STEP 4: Now bring down all the thermochemical steps and cancel out the reaction intermediates to obtain the overall chemical equation. 

Cancel-Reaction-IntermediatesCanceling Reaction Intermediates

STEP 5: Canceling out the intermediates gives us the overall chemical equation and by adding the two ΔHo values of the thermochemical steps you can isolate the ΔHRxn

Enthalpy-Reaction-Chemical-EnergyCalculation of Enthalpy of Reaction

Now test your skills with a more complex Hess’s Law problem. 


PRACTICE 2: Find the ΔHRxn for the given overall chemical reaction: 

Thermochemical-Equation-CO2Thermochemical Equation (Carbon Dioxide)

The given thermochemical steps and ΔH values are

Thermochemical-Steps-CO2Thermochemical Steps (Carbon Dioxide)

STEP 1: Start with CO­2 from the overall chemical equation and locate where it is in the given thermochemical steps. If CO2 does not match the CO in the overall chemical equation then we will need to manipulate the thermochemical step. 

Thermochemical-Step-CO2Thermochemical Step (Carbon Dioxide)In our thermochemical step CO2 is listed as a reactant like we need, but there are two moles of it. In the overall chemical equation we have only 1 mole of COso we must divide the thermochemical equation by 2. 

Reversal-Thermochemical-StepReversal of a Thermochemical Step

Realize that dividing the thermochemical step by 2 also means you divide your original ΔH value of 3511.1 kJ by 2. Dividing 3511.1 kJ by 2 gives a new ΔH value of 1755.55 kJ. 

STEP 2: Continue to the next compound in the overall chemical equation, C (s), and locate where it is in the given thermochemical steps. If necessary, manipulate the thermochemical step.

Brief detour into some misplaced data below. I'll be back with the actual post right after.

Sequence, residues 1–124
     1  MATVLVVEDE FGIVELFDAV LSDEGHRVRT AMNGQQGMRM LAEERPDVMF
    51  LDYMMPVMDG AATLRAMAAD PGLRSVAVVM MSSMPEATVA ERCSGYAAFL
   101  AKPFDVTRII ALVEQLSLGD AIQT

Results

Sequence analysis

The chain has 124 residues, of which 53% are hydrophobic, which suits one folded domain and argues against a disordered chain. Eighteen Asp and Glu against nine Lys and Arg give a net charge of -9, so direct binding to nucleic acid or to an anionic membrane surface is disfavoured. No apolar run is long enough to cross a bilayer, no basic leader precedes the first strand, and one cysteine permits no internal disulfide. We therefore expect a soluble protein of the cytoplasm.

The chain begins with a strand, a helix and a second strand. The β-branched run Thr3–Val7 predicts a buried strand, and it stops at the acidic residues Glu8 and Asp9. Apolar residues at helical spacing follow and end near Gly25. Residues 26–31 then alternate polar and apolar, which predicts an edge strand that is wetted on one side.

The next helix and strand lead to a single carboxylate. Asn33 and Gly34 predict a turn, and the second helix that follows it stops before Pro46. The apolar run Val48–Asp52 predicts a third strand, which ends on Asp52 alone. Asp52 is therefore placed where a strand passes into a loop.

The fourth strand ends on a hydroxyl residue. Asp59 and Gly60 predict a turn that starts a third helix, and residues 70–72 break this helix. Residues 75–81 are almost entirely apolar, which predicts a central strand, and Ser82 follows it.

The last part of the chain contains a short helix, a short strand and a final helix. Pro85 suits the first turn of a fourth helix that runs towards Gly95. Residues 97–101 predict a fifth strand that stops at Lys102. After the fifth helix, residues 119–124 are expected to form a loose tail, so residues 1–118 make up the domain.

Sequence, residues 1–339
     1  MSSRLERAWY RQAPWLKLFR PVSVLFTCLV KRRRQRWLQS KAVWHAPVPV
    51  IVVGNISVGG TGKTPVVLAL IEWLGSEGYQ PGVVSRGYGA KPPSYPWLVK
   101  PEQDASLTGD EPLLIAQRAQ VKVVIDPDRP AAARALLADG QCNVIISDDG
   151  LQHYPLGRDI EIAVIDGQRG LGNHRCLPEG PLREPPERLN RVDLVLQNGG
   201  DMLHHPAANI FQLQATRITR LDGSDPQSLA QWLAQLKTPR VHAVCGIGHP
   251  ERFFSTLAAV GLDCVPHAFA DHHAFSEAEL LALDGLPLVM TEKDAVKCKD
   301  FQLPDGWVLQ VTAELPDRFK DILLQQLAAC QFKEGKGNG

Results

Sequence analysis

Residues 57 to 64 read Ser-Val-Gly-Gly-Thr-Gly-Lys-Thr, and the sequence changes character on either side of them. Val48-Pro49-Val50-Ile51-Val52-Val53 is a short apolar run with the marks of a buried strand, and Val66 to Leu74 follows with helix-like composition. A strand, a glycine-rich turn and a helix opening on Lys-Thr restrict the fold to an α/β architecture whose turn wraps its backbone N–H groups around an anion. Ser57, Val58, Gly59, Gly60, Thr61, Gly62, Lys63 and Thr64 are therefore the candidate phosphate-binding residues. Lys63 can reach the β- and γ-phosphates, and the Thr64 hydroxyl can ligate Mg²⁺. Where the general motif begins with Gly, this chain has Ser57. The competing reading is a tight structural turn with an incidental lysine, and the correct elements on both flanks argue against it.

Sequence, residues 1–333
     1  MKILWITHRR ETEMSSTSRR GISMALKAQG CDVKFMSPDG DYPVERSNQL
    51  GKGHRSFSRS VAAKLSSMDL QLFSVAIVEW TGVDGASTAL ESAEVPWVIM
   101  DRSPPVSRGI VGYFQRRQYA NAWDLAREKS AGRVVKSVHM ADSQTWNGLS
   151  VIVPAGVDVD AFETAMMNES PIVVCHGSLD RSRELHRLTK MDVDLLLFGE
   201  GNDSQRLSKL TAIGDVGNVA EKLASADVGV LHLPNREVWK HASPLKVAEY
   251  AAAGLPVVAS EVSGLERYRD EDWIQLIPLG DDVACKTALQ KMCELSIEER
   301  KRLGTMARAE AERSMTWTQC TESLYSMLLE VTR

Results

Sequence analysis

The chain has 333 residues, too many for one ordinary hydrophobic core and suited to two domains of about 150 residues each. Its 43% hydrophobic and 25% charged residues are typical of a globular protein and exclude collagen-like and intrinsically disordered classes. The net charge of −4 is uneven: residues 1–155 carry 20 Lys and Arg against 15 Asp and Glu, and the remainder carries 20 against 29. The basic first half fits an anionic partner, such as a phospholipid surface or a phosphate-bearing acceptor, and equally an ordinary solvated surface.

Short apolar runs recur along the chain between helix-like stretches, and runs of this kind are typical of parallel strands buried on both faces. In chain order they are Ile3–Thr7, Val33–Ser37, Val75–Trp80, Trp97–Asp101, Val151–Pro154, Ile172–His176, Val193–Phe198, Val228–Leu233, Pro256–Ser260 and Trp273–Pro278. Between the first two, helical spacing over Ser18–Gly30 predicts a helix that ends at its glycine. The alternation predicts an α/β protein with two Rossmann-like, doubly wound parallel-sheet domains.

Thermochemical-Step-Carbon-solidThermochemical Step (Carbon solid)

In our thermochemical step we have two moles of C (s) listed products, but we need only 1 mole. So we divide the thermochemical step by 2.

Thermochemical-Step-Dividing-DivisionThermochemical Step (Dividing by 2)

Dividing by 2 means we also divide the ΔH value by 2. 

STEP 3: Next we search for O2 in the given thermochemical steps. If necessary, manipulate the thermochemical step. 

Thermochemical Steps (Oxygen Gas)We find O2 in more than one thermochemical step so we can ignore it for it. 

STEP 4: Now bring down all the thermochemical steps and cancel out the reaction intermediates to obtain the overall chemical equation.

Thermochemical-Steps-carbon-dioxide-CO2Thermochemical Steps (Carbon Dioxide)We must cancel out H2O and H2 because they are not found in the overall chemical equation. In order to cancel out the H2 and H­2O molecules we will need to reverse and multiple the first thermochemical step by 1.5 or 3/2. 

Thermochemical Step (Reversal & Multiplication)

Reversing the thermochemical step reverses the sign for the ΔH value and multiplying the thermochemical step by 1.5, which is the same as 3/2, means we multiply the ΔH value by 1.5. Now we bring down all the thermochemical steps again and finally cancel out all reaction intermediates. Canceling Reaction Intermediates (Carbon Dioxide)

STEP 5: Canceling out the intermediates gives us the overall chemical equation and by adding the three ΔHo values of the thermochemical steps you can isolate the ΔHRxn

Overall-Enthalpy-ChangeOverall Enthalpy Change

Hess’s Law serves as one component in our understanding of the branch of chemistry dealing with thermal and chemical energy called Thermochemistry. Under Thermochemistry, we examine the concepts of calorimetry, the conservation of energy, internal energyformation equations, thermochemical equations and stoichiometry


Jules Bruno

Jules felt a void in his life after his English degree from Duke, so he started tutoring in 2007 and got a B.S. in Chemistry from FIU. He’s exceptionally skilled at making concepts dead simple and helping students in covalent bonds of knowledge.